NottuSwara – Muthuswamy Dikshitar’s European airs

Carnatic music is more Greek than Greek and Latin put together for some people, dense stuff so to say, but many a mathematician understood classical music better (and as you know in early days it was Brahmins in the South and who excelled in Math and Carnatic music). The trick to all this is listening a lot and deciphering the code to music and for that you have to learn to use what is known as the Melkartha table. Anyway I am not going to get into all that, but my own understanding is slowly getting better after about 6 months of weekly Carnatic lessons as a small time member of a fascinating group. More about all that another day after I am better initiated, but today I will write about the lighter side of Carnatic if I may term it that, and a very interesting side.

First listen to this composition (I am not the singer) loosely based around Sankarabharana, then read the rest of the article. And at the start a big thanks to Aparna for introducing us to this number and me to this genre

Hopefully that felt good and easy on your ears and transported you to faraway Celtic lands

Now some of you must have heard that Baluswamy Diskshitar - Muthuswamy’s brother introduced the Violin to Carnatic music as I mentioned some months ago while writing about Ettayapuram in the article Cat (Kattabomman) Etappa & Dumby.

Well, the British rule in India has to be thanked again for without the violin, there is no way a Carnatic recital gets complete today. How Baluswamy learnt violin is also a matter of contention. Some opine that he learnt it in Manali thanks to the Mudaliar sponsorship; others say it was at the courts of Ettayapuram and a third faction states this happened at Tanjore with the help of Vadivelu.

Anyway it is difficult to figure out how that happened, but Baluswamy learnt Violin and bits of Celtic music. He practiced it at home in Manali and the master composer and elder brother Muthuswamy took note. Later Muthuswamy set Sanskrit shlokas to the tunes and we know it today as the Nottu Swara Sahitya. There are some 36-40 of these works set around the Raaga Sankarabharanam. The song you heard was one of Dikshitar’s compositions.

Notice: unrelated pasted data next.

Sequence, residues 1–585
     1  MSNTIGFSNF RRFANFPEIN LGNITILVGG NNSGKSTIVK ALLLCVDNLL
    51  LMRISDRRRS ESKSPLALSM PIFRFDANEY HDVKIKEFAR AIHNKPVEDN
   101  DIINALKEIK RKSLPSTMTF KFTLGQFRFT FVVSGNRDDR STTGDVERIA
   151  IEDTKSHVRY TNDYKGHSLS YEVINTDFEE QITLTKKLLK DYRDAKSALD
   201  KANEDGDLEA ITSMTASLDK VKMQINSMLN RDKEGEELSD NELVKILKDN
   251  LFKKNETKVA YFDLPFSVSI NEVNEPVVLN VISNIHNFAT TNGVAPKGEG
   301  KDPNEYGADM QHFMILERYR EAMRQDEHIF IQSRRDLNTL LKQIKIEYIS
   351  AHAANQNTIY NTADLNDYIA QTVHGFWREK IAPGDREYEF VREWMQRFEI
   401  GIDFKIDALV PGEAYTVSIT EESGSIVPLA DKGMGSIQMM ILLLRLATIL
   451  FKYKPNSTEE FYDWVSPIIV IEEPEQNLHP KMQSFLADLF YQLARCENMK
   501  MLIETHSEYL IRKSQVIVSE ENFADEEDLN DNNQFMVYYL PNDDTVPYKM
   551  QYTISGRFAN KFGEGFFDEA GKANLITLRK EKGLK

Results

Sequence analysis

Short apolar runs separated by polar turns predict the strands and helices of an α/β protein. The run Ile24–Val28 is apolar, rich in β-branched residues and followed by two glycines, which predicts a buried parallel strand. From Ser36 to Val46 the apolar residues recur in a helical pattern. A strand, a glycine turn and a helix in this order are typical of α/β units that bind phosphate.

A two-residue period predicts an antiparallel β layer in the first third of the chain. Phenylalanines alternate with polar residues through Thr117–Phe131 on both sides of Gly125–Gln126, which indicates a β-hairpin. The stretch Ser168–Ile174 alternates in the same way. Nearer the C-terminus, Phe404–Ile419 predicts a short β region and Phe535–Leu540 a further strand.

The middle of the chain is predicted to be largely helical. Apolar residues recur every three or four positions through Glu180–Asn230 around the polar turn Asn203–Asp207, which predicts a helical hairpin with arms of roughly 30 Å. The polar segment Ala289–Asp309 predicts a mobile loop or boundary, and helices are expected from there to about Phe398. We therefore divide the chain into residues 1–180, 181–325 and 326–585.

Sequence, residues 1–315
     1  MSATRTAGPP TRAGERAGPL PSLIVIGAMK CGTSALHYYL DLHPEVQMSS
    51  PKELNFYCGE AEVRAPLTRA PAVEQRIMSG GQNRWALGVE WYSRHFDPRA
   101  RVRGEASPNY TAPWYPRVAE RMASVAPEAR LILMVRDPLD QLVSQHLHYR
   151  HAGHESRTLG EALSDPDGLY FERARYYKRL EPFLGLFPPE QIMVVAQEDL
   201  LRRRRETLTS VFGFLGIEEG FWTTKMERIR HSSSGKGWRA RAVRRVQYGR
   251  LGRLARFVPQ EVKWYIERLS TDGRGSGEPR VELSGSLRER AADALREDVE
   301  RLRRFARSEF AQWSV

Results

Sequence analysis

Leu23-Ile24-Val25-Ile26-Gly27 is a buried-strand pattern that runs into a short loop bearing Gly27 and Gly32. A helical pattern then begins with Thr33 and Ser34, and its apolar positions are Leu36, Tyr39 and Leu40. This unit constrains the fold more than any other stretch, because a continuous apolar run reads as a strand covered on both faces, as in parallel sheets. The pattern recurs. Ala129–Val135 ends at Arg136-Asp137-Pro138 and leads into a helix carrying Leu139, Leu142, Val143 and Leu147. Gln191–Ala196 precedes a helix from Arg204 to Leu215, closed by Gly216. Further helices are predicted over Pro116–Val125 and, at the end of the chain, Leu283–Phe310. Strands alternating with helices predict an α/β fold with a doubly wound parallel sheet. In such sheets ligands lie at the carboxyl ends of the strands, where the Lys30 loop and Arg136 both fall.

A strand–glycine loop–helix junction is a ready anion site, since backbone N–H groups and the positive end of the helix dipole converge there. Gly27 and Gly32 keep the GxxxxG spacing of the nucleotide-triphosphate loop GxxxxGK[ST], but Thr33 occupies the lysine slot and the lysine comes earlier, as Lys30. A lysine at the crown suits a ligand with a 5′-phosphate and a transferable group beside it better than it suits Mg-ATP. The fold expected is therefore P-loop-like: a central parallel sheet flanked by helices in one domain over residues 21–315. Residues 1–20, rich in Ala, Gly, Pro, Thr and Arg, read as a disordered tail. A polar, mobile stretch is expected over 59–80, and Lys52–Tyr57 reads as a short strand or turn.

Why is it called Nottu swara? Well it stands for Notes Swara, i.e. ‘Western notes’ swara. They are also termed ‘European airs’ by the English who took note. But to really get to the bottom of all this, let us all go back in time to 1800, a bit North of Madras to Manali, where today we have all the refineries and all that, the very same place which was bombed by Emden.

Muthuswamy Dikshitar was born in 1775 (1775-1835) in Tiruvarur, near Trichy as a fruit of long prayers by his father Ramaswamy Dikshitar, a famous singer himself. Even before he was sixteen, he became proficient both in vocal music and in playing the veena. Tiruvavur incidentally was the very place which produced the rest of the Carnatic holy trinity namely Thyagaraja and Sama Sastry.

To get back to Nottuswara, let us first check out the popular version.

The British East India Company was slowly settling down in India. They had come to agreements with the Zamorin and Cochin king in Malabar and moved upwards to Madras which became the center of their operations in the South, a little before the transformation of Calcutta as the main base. Intellectuals were slowly finding their way from Victorian Britain to Madras, analyzing things like Hinduism, music, Dravidian languages, customs etc and writing book after book as well as collecting manuscripts for posterity and for their own private collections. The law and order was not as firm and formal and to the British liking and for that purpose came the troops to support, mainly from the Welsh regions, Scotland & Ireland. The army bands came to provide the troops direction, entertainment and accompaniment. As all of you know they practice seriously, with the captain showing great style and panache, throwing the baton and catching it as they marched along in glorious uniforms with color, pomp and splendor. Off working hours, they performed for state occasions at Fort St George.